For Westlands, Mr. Bernhardt said he lobbied Congress on a broad water infrastructure bill, but his lobbying was focused on one specific section of the bill: a provision to weaken smelt and salmon protections, and divert water to the Central Valley farmers. That bill passed, but it resulted in the release of only small amounts of river water for irrigation in Westlands, and will do so only through 2021.
Weakening the underlying Endangered Species Act protections would free up much more water.
In 2014, Mr. Bernhardt, on behalf of Westlands, joined a legal petition asking the Supreme Court to take up a case seeking to weaken or lift Endangered Species Act protections on the delta smelt. The same year, he made oral arguments in a case that pitted Westlands and a half-dozen other California water districts against the federal government and sought to weaken Endangered Species protections on the winter-run Chinook salmon.
In both cases, Mr. Bernhardt argued that the protections for the fish relied on flawed scientific and legal findings. In both cases, Mr. Bernhardt and his clients lost.
In 2016 Donald Trump raised the issue of the delta smelt at a campaign rally in Fresno, assailing policies designed “to protect a certain kind of three-inch fish.”
“We’re going to start opening up the water,” he said.
Bernhardt Steps In
The next year, the Trump administration began taking steps to make that happen. Mr. Bernhardt led the effort after being confirmed as the deputy Secretary of the Interior Department in July 2017. He had de-registered as a lobbyist for Westlands in November 2016.
After his confirmation, Mr. Bernhardt signed the Trump administration’s ethics pledge. Four months later, in November 2017, Mr. Bernhardt’s public records show that he held four phone calls with Mr. Murillo, the Interior Department official with the legal authority to initiate the process to revise protections for the delta smelt and winter-run chinook salmon. Other people were on the calls, as well.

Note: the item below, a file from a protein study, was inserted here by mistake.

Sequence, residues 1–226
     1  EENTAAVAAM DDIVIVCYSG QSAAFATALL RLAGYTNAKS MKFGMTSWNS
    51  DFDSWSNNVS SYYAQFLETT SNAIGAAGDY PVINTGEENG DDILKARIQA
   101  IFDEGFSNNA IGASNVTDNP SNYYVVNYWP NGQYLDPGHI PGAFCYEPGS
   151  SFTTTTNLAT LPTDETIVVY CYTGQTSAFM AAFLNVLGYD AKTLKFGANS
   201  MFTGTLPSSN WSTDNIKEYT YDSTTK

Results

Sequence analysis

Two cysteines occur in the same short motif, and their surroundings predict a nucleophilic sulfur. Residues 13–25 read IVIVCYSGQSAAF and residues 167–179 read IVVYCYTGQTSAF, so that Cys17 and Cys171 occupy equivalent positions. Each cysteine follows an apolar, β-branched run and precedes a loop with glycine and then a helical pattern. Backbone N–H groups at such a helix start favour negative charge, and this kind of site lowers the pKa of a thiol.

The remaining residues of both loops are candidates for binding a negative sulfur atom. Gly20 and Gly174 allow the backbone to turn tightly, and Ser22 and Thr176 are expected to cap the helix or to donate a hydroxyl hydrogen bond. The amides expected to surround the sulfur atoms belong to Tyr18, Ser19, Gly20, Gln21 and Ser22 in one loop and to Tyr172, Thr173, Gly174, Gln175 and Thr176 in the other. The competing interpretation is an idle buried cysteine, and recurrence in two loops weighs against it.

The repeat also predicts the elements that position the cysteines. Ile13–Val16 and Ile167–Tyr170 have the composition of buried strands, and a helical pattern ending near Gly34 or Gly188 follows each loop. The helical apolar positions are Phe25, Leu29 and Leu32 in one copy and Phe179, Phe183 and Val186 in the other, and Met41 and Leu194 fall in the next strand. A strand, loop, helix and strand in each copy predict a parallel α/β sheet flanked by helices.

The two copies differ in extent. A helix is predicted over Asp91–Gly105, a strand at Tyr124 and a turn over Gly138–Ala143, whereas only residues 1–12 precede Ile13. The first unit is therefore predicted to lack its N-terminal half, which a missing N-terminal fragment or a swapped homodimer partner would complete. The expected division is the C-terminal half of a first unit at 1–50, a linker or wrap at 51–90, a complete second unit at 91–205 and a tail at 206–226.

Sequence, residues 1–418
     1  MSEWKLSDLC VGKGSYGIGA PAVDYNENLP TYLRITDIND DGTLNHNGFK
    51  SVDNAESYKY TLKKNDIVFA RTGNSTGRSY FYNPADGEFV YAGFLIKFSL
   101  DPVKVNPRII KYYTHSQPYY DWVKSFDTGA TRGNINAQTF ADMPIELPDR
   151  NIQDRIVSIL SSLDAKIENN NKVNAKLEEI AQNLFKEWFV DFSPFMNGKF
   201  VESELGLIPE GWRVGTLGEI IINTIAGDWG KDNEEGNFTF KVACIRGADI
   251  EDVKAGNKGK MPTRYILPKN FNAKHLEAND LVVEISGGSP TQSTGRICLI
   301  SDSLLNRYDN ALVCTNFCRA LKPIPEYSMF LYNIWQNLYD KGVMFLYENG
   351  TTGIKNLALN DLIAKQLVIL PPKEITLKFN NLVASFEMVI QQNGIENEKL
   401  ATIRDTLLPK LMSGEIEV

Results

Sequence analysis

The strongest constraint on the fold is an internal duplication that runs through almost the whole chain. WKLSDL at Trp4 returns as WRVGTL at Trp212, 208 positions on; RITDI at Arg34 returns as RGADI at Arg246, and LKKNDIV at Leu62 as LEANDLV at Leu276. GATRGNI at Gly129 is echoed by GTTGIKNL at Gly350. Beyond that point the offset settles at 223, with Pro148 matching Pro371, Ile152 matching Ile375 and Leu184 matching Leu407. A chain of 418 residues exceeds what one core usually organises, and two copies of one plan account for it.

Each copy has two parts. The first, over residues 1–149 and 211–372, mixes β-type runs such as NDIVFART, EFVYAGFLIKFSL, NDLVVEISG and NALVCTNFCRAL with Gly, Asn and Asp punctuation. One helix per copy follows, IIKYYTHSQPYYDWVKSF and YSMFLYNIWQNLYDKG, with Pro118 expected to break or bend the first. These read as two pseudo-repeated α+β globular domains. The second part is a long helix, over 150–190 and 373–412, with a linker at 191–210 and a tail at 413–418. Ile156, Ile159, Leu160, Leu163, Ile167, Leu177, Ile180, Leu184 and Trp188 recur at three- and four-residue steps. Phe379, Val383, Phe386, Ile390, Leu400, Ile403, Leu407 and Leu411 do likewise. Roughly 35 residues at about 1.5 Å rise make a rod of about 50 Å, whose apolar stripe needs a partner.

The outcome of those conversations was that Mr. Bernhardt told Mr. Murillo to begin the process of changing the protections for the fish and to finish as quickly as possible, according to three people familiar with the matter. In December, Mr. Murillo began that process.
Mr. Murillo, who retired from the Interior Department in November, declined to comment on the record.
Before phoning Mr. Murillo, Mr. Bernhardt said, he had received verbal clearance from an Interior Department ethics lawyer. Technically, the lawyer told Mr. Bernhardt, he had lobbied on a broad water bill — one with many provisions, not just smelt rollbacks. So even though he had specifically lobbied only on the provision targeting the smelt and salmon, he was within the ethics rules.
“They say to me, ‘It’s gigantic,’” Mr. Bernhardt said of the bill.
A senior ethics official at the Interior Department, who spoke on condition of anonymity, said he did not believe Mr. Bernhardt had violated the Trump ethics pledge, or any other ethics rules or laws, because the lobbying was on the broader matter, the overall water bill. However, the official said that other ethics experts could reasonably arrive at a different conclusion.
Several government ethics specialists disagreed with the Interior Department’s interpretation. “That argument is a real reach,” said Virginia Canter, the chief ethics counsel for Citizens for Responsibility and Ethics in Washington, a nonprofit, nonpartisan watchdog group.
She said Mr. Bernhardt should have received the approval in writing. “If he didn’t receive it in writing, it’s still an open question of whether he violated the pledge, and worthy of an investigation,” by the agency’s Inspector General, she said.
Under federal ethics rules, Mr. Bernhardt could have requested a formal written waiver from the White House, or short of that, a written memo from the agency ethics official laying out guidance on how to proceed.
A spokeswoman for Mr. Bernhardt, Faith Vander Voort, said in an email that since the Interior Department ethics officials had determined that he had lobbied on the “broad” matter of the water infrastructure bill, rather than a narrow or specific matter, “Mr. Bernhardt was not required to receive written guidance or authorization from the Departmental Ethics Office prior to participating in the decision.”
As a former lobbyist, Mr. Bernhardt said he takes care to stay within the regulations, particularly in matters involving his former clients. “My job is to follow the rules to the T, and if Congress wants to change rules, Congress can,” he said.